So Hussein, where were the paper ball gowns, the rosy, floral prints, the clever cutting on stiff, edgy fabrics in this week's show? What were all those nipple-revealing T-shirts, constricting skirts and fabrics so fine they had puckered under the machine needle doing there instead? What was Bjork, who usually looks so stunning in your designs, doing looking lumpen and squeezed into a suit that didn't flatter her? Does one suspect the bullying voice of a stylist telling you what to do rather than letting you listen to your own odd romantic instincts?
London isn't like anywhere else. We trade on originality and invention. In the past few years we have produced some of the most exciting designers in the world. But so far this season, London Fashion Week has looked either overstyled or copy cat. Is that only because it has, for the first time, come behind both Milan and Paris? Or is it because the new breed of London designers are listening too attentively to informants who travel the Milan, Paris route and come home with hints of how collections can be "re-directed" and "made modern".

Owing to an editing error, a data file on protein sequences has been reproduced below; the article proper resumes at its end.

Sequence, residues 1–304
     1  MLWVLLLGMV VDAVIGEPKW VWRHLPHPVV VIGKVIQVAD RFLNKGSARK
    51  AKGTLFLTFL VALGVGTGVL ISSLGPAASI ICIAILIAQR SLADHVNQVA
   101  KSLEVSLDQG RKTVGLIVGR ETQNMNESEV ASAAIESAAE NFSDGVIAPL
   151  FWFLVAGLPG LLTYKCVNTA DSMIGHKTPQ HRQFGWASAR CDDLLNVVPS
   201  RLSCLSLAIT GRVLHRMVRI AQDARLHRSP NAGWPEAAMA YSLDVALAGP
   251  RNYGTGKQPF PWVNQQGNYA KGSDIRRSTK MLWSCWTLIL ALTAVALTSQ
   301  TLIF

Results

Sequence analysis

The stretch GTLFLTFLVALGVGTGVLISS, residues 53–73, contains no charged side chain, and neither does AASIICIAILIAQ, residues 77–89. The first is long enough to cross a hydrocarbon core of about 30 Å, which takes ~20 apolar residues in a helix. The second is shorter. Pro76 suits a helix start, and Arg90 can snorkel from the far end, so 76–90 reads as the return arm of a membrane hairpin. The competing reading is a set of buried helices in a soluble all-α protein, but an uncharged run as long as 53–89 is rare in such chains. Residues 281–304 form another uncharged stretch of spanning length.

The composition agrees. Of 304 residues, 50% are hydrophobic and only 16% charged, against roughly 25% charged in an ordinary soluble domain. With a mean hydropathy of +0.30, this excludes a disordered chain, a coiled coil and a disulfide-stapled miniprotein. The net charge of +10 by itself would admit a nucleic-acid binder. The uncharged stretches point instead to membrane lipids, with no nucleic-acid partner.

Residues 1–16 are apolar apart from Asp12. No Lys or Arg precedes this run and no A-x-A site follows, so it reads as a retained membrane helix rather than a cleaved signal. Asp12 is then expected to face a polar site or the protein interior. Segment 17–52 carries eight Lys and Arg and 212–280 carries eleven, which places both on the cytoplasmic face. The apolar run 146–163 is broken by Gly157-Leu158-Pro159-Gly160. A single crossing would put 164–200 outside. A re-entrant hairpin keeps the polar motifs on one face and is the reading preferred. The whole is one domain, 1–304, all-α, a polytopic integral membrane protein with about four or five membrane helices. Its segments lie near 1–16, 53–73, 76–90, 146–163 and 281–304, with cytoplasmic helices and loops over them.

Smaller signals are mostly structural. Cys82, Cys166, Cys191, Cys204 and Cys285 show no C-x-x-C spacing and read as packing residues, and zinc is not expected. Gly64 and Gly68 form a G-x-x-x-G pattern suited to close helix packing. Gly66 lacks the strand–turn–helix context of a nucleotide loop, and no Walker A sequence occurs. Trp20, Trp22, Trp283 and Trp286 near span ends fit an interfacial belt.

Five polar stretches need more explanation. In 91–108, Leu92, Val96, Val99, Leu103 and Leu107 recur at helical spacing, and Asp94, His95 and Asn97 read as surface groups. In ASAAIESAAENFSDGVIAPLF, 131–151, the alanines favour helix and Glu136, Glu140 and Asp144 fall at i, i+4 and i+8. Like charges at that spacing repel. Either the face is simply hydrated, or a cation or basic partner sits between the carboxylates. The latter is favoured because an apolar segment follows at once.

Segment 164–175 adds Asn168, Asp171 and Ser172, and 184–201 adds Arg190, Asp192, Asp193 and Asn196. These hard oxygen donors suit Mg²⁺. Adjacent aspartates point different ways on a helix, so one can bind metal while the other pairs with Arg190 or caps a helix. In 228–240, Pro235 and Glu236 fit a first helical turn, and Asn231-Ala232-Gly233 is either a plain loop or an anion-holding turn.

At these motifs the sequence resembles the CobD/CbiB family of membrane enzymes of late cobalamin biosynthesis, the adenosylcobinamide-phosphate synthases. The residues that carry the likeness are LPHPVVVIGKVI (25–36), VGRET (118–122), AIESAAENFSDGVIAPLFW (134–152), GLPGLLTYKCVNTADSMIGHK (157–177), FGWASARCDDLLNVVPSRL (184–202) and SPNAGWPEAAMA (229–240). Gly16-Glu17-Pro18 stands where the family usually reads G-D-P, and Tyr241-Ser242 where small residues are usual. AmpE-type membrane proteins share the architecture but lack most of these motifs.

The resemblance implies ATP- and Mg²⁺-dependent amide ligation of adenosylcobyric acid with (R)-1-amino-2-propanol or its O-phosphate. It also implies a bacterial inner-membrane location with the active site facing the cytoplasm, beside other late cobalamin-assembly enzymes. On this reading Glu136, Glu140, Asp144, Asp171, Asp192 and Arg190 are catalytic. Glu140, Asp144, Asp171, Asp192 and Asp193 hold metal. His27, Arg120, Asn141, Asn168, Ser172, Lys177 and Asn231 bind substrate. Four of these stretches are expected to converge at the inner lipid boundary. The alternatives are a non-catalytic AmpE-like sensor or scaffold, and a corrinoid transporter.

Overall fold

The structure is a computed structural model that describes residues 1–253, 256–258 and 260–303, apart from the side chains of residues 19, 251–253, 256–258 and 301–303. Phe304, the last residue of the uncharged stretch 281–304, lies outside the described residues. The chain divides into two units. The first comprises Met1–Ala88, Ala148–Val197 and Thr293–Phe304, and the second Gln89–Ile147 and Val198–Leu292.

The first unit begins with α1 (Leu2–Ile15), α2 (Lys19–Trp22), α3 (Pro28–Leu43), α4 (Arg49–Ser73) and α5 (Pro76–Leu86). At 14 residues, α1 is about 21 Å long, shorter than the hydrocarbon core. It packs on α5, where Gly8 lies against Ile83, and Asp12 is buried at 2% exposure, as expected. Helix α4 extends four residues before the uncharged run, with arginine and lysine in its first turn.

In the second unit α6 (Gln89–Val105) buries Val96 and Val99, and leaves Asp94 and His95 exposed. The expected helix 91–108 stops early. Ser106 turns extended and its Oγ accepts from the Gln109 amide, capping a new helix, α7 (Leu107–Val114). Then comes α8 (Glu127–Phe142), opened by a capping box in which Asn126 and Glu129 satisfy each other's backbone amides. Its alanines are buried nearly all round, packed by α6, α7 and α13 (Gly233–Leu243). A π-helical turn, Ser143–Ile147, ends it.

Of course, that makes London designers no different from their New York counterparts, several of whom pay careful attention to trends emerging in Europe before revealing their own wares. But New York is about big business, the commercialisation of trends, while London used to be where those trends were born. Our designers should do their own thing. But there are tricks to be learned from abroad: those of presentation and proportion. Making clothes fit the human body is a good start. Vivienne Westwood, who has been showing in Paris for several years now, has been a willing pupil. While losing none of her exuberant originality, Westwood's latest collection, shown the day before Valentino, was groomed and sleek and gorgeous. London's newest talents would do well to take note.Reuse content